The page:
Gradient Nail Art Tutorial

Wednesday, 15 April 2015

The most requested thing that I get asked on Instagram is how I do my gradients.  I have also been demanded (I say demanded because there are no manners and it's not even asked) to do a video.  As much as I love to take on requests and suggestions it's not always possible.  I don't have the time or the right equipment (or knowledge for that matter) to do videos for Instagram.  Now that I have my blog I figured it was the best time to go into details on how I do my gradients.  But be warned, this may become a very lengthy post.

When I first started doing gradients I use to paint the polish on the sponge and then dab it onto the nail and repeat this process until I was happy with the colour.  I found that when I did it this way I would end up with sponge bits on my nail and the polishes never blended as well as I would like.  I then discovered The Nailasaurus' tutorials on how to gradients and have followed it ever since.  I do however do mine slightly differently than Sammy does.

Things you will need:
* A sponge (I use make up wedges for my gradients)
* Baking paper or plastic bag
* Tooth picks
* Something to help with clean up (I use Emily  de Molly's Clean Up Crew - you can see my review for it here)
* And polishes of your choice.  I will be using China Glaze's Spring In My Step, Feel The Breeze and Float On.

Step by step instructions:
1. Paint your base colour and when dry added top coat.  I would say 99% of the time I use a white base for my gradients as I find it gives the best result rather than using the lightest colours.  I used OPI Alpine Snow and Seche Vite.

2.  Apply clean up aid.  I am using Emily de Molly's Clean Up Crew (shown in it's dried form).

3.  Apply one coat of each polish that you will be using onto your sponge and in the order you wish your gradient to be in.

4.  Apply one coat of each polish onto the baking paper in the same order you have put on the sponge.  Your lines of polish should be a similar width to the ones on your sponge.

5.  With a toothpick, slightly mixed each colour together.  I do this in small circles.

6.  Place the sponge into the polish on the baking paper, ensuring that the colours line up (eg. the purple on baking paper is going onto the purple on the sponge).  Now sponge the polish onto the nail.  I personally roll the sponge across the nail (similar to how you roll the stamper over your nail when stamping).  I usually do these a couple of times while moving the sponge slightly up and down the nail (so roll the polish on, position the sponge so it is slightly lower on the nail and roll the sponge across the nail again).  I do one coat on each nail first (I do one hand at a time).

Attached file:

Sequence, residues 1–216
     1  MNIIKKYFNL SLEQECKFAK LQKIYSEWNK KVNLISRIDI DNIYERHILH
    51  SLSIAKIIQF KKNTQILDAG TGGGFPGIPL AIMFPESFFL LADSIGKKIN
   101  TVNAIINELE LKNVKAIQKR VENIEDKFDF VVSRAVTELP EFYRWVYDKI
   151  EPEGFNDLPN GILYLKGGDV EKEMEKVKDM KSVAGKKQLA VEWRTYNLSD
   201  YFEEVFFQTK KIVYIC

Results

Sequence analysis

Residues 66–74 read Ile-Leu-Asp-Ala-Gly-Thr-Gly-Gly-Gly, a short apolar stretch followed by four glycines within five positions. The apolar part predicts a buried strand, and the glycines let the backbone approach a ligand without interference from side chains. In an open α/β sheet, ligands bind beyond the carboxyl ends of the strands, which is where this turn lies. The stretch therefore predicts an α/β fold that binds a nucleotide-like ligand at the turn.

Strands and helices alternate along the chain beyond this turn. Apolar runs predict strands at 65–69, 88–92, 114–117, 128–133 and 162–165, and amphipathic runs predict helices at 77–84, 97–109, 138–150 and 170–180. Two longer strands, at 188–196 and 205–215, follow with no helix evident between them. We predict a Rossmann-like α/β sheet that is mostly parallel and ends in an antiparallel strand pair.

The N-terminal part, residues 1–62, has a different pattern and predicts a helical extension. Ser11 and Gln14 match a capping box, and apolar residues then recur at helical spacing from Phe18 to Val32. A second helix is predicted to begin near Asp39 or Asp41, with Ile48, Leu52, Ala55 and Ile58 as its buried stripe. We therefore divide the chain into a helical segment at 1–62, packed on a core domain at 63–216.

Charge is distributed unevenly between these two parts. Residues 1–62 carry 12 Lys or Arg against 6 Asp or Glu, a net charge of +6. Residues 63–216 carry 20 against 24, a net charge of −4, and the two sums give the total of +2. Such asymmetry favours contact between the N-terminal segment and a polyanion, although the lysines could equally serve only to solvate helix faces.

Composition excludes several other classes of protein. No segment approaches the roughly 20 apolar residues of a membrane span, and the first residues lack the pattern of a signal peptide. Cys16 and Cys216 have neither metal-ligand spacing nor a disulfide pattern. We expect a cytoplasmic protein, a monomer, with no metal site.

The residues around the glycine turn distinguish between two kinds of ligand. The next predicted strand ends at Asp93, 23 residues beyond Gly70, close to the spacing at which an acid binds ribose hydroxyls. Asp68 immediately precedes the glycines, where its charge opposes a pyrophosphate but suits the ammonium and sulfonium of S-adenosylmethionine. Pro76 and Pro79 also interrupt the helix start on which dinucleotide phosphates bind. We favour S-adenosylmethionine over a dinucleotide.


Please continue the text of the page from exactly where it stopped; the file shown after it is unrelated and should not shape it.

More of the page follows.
7.  Repeat the above process until you are happy with the colour.  I used two coats.

8.  Remove your clean up aid and clean up any polish on you skin and cuticle area.  Apply top coat and you are done.

Helpful tip:
Most creme polishes can be used in a gradient, however some are better than others.  Look for ones that look close to opaque when painted onto the baking paper.  They will give a better colour payoff and will blend better.

So there you have it.  That's how I do my gradients using creme polishes.  I don't tend to do gradients using shimmery polishes because they are harder to clean up.  And I do glitter gradients differently do this as well.  I hope that you have found this tutorial helpful.  Let me know if there are any more tutorials you would like me to do.  


  1. Fantastic. I need to try doing a gradient again. Your gradients are always so lovely. Thank you for taking the time to show us how.

  2. Such a helpful post! The baking paper is new to me so I will definitely try that to make my gradients more seamless. I have heard people use a damp sponge but that doesn't seem to make a difference for me.And is there any way of not getting the polish while you are sponging it on under the cuticle? I notice in your pics that the colour seems to just stick to the white base. I hope all that make sense and sorry about all the questions!

  3. This is so helpful! Your gradients always look flawless!